Successful geek programming for teens can be a costly endeavor. But there are shortcuts.
At Geeky Programming on a Ramen Noodle Budget, Sarah Bean Thompson, youth services manager, and Valerie Bogert, young adult librarian at Springfield-Greene County (Mo.) Library discussed how their small library stretched dollars to create vibrant events for their young geek patrons without sacrificing quality.
Thomson and Bogert work with a very small annual programming budget—only $700 for an entire youth services department—but they’ve learned how to get maximize results from minuscule funds. Pre-planning, flexibility, and thoroughness are essential, they said.
They stressed the need to know your audience’s tastes. If a library is going to engage in geek programming, librarians must know the ins and outs of the geek world. If they don’t, they’ll quickly lose credibility with the kids. Use surveys, both online and on whiteboards, to find out if your teen patrons are Doctor Who fans, Star Wars geeks, or what comic books they’re reading. They also suggested keeping abreast of upcoming films, TV shows, publishing themes, manga, anime, and online stars.
Colleagues can be the best resources, they agreed. Reach out to any geek-friendly staff members—they may be able to provide extra guidance or even host specific geek events.
Once your audience has been established, there are many avenues that can be taken to find cheap (or free) geek-related stuff for your events. Publisher websites, fandom sites, and birthday party blogs often offer free downloads of materials or offers for free buttons and other swag. Teen Services Underground, YALSA, and Teen Library Toolbox offer valuable party-planning tips as well. Thomson and Bogart also suggested reaching out to local businesses to donate food and services for your events.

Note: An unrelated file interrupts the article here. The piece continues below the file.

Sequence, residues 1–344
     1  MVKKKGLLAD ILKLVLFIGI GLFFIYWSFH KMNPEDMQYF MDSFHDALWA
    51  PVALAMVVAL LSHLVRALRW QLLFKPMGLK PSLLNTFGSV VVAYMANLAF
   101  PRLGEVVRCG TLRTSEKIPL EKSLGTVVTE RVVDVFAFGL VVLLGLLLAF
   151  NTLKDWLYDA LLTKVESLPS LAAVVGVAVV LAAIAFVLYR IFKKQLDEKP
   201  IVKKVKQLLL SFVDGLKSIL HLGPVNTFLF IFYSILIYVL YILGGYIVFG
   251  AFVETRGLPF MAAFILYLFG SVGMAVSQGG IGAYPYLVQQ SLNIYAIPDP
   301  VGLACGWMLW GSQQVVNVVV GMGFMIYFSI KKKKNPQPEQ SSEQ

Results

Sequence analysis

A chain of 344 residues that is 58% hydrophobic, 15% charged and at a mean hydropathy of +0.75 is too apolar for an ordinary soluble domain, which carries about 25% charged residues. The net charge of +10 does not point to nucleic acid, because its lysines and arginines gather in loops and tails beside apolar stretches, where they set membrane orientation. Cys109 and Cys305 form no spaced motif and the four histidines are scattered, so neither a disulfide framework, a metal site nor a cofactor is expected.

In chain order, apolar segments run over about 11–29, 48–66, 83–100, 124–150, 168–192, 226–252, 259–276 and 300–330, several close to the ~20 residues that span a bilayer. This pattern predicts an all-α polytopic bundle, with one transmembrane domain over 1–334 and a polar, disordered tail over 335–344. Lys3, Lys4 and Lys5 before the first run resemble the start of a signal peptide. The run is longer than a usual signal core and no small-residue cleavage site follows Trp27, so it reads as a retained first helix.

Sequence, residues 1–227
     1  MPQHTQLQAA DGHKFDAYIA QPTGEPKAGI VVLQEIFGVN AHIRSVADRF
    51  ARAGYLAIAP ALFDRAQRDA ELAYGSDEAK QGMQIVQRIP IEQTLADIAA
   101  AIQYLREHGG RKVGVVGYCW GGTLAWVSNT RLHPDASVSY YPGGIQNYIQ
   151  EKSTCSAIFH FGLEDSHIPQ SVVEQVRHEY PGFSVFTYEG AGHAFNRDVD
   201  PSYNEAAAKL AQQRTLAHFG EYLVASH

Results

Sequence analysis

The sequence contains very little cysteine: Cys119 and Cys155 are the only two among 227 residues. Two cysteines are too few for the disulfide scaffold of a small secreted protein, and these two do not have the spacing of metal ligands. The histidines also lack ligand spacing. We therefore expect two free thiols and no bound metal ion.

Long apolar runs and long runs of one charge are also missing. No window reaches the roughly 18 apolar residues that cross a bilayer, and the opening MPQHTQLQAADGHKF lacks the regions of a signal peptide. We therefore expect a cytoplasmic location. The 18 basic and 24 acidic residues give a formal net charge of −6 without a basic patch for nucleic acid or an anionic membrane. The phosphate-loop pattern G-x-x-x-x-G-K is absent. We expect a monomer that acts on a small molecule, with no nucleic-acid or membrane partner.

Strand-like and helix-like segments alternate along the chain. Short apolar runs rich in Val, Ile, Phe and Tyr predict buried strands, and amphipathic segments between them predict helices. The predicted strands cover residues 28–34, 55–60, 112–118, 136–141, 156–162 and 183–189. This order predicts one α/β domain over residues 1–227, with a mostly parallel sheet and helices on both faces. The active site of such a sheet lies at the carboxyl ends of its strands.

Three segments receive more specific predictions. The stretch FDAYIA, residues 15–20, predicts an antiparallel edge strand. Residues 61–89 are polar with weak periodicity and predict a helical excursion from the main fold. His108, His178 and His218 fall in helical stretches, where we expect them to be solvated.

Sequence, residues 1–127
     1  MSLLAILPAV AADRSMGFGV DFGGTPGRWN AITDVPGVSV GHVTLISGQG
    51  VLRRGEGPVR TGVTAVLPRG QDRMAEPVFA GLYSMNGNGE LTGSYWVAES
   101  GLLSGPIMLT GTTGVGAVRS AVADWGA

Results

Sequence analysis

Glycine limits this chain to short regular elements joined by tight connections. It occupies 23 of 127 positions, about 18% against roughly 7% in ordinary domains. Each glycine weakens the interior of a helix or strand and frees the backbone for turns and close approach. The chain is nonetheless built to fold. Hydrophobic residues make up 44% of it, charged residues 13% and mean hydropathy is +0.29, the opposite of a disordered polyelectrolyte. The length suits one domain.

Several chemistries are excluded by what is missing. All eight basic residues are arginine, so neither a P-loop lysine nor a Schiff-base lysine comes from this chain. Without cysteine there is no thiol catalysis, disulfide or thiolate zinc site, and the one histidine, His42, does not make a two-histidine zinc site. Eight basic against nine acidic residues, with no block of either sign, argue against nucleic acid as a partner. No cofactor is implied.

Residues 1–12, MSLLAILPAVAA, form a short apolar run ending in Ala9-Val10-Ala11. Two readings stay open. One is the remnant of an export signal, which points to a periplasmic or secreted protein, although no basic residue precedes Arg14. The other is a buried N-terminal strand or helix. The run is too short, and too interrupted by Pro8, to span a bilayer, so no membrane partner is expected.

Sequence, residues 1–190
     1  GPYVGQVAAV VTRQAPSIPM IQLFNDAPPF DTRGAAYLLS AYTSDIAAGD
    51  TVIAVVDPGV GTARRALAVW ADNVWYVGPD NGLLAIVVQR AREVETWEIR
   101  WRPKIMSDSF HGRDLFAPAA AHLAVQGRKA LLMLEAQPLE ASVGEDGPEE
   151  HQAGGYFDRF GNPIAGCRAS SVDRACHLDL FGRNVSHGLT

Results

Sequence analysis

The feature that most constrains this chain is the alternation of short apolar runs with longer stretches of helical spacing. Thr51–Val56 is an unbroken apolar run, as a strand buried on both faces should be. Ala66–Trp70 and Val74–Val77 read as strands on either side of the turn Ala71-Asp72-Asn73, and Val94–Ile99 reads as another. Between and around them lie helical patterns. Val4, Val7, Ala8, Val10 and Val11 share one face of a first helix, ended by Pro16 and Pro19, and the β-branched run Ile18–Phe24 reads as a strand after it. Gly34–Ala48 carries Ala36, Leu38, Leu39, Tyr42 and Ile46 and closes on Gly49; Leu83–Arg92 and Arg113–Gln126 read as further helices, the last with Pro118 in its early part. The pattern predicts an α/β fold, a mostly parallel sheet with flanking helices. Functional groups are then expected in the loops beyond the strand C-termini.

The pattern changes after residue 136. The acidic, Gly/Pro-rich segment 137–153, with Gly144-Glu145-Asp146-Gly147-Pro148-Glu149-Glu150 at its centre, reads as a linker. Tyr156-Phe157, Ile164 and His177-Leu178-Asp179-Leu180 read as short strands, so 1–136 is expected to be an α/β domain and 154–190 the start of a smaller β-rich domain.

Flexibility is key to successful geek programming on the cheap, they said. A Star Trek-themed night might be nice, but if there’s only one or two fans at your library, event turnout will be low. Thompson and Bogart said that broad themes like a Marvel Comics night or crossover events like a Doctor Who vs. Sherlock Holmes party can draw bigger audiences.
Thompson and Bogart rounded out their talk by presenting several of their library’s success stories. These events, ranging from a Batman Day and a Tolkien Fest to a large geek con and a cosplay prom, cost very little to produce but reaped major rewards, both for patrons who were able to enjoy their favorite fandoms in the library and staff who learned how to program for pennies.